Most jurisdictions in Canada require the unanimous consent of all shareholders (including non-voting shareholders) in order for a non-distributing corporation to dispense with an audit. The requirement is absolute and mandatory with very limited exceptions (namely, non-reporting issuer status and unanimous consent). While the public policy rationale behind the rule may be laudable, its implementation in practice can be austere. As previously written in Auditing the Audit, it is time to revisit the universal audit requirement as it applies to non-distributing corporations.
The Canada Business Corporations Act (and most of its provincial counterparts) generally provides that shareholders of non-distributing corporations may resolve not to appoint an auditor provided that such resolution is consented to by all shareholders, including shareholders not otherwise entitled to vote. Although the Companies Act of Prince Edward Island is silent on point, case law there suggests that audited financial statements are required (see MacLeod v Murray). In striking contrast to every other jurisdiction in Canada, New Brunswick permits, but does not mandate, the appointment of an auditor. Moreover, if an auditor is appointed in any given year, such appointment may be dispensed with in the ensuing year by ordinary resolution (thus not requiring unanimity). Similarly, the Yukon recently amended its corporate legislation to exempt certain private companies from the audit requirement, unless: (i) a company’s articles or unanimous shareholder agreement requires an audit, or (ii) holders of not less than five percent of the issued shares of a company (including non-voting shares) requisition the appointment of an auditor.
Universal application of the audit requirement can have unintended and severe consequences, particularly on small, privately-held corporations. In many instances, an audit is unnecessary or the cost is prohibitively expensive and disproportionate to the financial resources of the company and the value of a shareholder’s investment. Audits can cost tens of thousands of dollars and paying the cost of an audit can leave a company with reduced or no profits to distribute to shareholders, or worse yet, further indebted. Ironically, the very application of the rule that is intended to protect shareholders’ investments could in many cases jeopardize them.
Since dispensing with an audit requires unanimous consent, the fate of a company, and every other shareholder’s investment in that company, could rest in the hands of a single shareholder, regardless of such shareholder’s status as a voting or non-voting shareholder and regardless of the size of such shareholder’s investment. As much as it may be unfair to a minority shareholder to deny an independent assessment of a company’s financial statement, it is equally, perhaps more, unfair to the remaining majority shareholders to endure the consequences of such an assessment if otherwise unnecessary or uneconomical.
The case law has held that a shareholder’s motive in, and the financial consequences of, requiring an audit is irrelevant. Struck with the unwavering harshness of this rule, some justices have (rightly) tried to alleviate its ramifications. In Barbour v Jamestown Lumber Co, Justice Handrigan wrote:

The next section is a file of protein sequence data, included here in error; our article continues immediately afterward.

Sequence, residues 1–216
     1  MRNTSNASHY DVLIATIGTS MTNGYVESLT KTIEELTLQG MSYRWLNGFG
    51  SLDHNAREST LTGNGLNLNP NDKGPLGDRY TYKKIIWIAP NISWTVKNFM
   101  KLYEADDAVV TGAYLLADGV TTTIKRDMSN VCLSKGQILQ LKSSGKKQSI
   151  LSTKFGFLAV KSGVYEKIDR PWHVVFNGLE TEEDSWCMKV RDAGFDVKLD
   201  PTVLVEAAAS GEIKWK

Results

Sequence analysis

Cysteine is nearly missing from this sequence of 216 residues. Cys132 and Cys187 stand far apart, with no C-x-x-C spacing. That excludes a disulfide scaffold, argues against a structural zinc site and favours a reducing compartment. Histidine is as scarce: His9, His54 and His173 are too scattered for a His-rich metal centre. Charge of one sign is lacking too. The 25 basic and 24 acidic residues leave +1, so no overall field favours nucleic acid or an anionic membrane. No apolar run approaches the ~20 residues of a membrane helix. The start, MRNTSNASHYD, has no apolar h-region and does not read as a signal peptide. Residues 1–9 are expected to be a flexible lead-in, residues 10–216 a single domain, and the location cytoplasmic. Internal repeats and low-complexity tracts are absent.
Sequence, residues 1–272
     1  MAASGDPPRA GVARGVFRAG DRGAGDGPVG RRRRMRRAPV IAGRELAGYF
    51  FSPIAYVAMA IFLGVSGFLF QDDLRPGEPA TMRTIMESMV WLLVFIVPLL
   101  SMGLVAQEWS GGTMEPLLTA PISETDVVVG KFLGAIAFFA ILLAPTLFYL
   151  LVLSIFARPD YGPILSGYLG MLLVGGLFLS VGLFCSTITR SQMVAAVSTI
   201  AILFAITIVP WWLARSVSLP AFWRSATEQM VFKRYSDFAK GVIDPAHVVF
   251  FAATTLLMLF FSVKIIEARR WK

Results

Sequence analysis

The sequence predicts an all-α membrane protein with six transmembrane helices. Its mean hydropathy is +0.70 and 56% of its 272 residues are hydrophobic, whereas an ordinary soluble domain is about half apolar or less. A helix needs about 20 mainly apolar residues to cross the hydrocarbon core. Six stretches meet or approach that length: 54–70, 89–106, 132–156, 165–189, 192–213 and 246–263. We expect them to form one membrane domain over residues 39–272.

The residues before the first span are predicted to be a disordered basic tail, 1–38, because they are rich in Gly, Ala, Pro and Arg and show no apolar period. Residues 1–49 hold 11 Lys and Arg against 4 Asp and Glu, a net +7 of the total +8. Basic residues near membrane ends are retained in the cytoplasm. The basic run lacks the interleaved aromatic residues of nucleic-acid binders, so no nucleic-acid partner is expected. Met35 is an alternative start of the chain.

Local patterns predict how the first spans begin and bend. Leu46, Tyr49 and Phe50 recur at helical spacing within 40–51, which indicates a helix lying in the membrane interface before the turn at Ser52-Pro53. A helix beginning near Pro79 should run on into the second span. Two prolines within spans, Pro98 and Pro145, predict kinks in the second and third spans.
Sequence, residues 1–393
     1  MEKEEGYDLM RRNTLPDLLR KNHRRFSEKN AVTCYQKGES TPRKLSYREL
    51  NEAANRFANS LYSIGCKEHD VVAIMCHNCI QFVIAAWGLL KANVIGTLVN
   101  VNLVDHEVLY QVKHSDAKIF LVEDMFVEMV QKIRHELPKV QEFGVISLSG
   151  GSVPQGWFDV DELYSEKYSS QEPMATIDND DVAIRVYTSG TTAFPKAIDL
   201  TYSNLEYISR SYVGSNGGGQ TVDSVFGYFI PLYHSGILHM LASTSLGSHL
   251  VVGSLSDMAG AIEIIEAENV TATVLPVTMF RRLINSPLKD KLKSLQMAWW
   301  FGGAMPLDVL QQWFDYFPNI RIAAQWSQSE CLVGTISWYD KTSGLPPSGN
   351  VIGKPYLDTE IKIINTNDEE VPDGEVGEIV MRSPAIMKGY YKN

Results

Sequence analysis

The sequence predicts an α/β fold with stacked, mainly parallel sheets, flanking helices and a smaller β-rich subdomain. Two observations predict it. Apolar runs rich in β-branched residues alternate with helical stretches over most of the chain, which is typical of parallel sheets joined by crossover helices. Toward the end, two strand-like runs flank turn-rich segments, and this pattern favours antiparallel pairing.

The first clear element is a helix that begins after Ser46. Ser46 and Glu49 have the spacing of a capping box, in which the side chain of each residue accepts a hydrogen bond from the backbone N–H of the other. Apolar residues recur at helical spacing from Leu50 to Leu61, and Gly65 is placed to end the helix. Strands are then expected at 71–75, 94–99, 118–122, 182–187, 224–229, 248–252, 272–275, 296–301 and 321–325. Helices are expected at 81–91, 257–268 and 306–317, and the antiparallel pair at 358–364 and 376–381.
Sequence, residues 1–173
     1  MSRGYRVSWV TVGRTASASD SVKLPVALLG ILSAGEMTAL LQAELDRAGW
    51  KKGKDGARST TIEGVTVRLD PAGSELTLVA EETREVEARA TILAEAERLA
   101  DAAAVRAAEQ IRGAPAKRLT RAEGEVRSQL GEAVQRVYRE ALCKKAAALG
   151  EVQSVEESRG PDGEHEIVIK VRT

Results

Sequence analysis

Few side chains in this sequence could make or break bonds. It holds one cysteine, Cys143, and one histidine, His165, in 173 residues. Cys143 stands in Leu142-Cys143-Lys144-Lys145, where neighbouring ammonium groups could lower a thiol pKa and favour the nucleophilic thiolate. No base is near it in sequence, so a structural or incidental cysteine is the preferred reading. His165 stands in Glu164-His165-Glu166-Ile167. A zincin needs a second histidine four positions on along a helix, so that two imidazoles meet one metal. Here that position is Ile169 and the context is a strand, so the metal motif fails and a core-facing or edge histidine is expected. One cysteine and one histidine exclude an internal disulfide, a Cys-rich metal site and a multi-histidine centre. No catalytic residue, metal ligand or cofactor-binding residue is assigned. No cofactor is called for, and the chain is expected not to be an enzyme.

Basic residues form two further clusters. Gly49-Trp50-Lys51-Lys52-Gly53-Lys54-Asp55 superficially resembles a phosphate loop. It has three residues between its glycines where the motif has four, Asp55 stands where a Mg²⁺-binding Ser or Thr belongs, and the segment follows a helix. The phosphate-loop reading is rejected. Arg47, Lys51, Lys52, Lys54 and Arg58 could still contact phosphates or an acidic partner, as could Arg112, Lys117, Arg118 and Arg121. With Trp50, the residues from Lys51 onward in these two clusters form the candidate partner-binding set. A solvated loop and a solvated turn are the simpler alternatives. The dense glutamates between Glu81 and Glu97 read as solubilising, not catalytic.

“I took this limitation into account by restricting the audit to Jamestown Lumber’s most recent fiscal period. It would, in the circumstances here, be an unfair and unnecessary expense to the corporation and ultimately for its other shareholders to bear to require an audit for any longer period.”
More recently, in Packall Packaging Inc v Ciszewski, Justice Laurence A. Pattillo of the Ontario Superior Court of Justice dismissed the application of a minority shareholder seeking to require all of the companies (including non-operating companies) in a related group of companies to deliver audited financial statements on an ongoing basis. Justice Pattillo found that such audited statements would not provide any additional useful information and would cost more money to prepare (and thus was nothing more than a nuisance request). The Ontario Court of Appeal ultimately overturned the lower judgement but limited its order to only one of the holding companies in which the applicant was a direct shareholder. In obiter dictum, the Court of Appeal suggested that relief from the audit requirement could have been sought by pleading oppression (which regrettably had not been plead in the application at hand).
When compared with other leading corporate law jurisdictions, Canada’s model of universality is draconian. Some American states (including New York and Delaware) do not require audited financial statements for private companies. In both the United Kingdom and Australia, statutory exemptions from audit requirements (based on revenues, assets and number of employees) are provided to small private companies. The flexibility offered in the Business Corporations Act of New Brunswick and the recent changes to the Yukon Business Corporations Act are welcome and overdue in the Canadian landscape. Canada’s ironclad audit requirement is ill-suited, imbalanced and disproportionate for countless small, private companies. A better balance between the rights of minority and majority shareholders is necessary.